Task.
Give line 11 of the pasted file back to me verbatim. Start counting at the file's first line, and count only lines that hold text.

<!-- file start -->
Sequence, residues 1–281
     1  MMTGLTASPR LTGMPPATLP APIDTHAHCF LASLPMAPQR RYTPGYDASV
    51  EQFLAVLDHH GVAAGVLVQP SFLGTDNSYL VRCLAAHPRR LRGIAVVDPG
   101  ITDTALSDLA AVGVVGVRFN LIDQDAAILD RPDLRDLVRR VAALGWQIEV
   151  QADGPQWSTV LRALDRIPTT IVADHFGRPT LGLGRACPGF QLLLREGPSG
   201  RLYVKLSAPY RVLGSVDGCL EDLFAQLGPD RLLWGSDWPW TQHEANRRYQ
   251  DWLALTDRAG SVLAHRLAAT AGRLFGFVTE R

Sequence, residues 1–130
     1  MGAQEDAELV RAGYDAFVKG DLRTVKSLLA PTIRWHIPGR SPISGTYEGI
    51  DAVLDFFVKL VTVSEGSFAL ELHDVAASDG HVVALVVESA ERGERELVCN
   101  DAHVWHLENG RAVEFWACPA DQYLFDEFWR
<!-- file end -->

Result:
   101  DAHVWHLENG RAVEFWACPA DQYLFDEFWR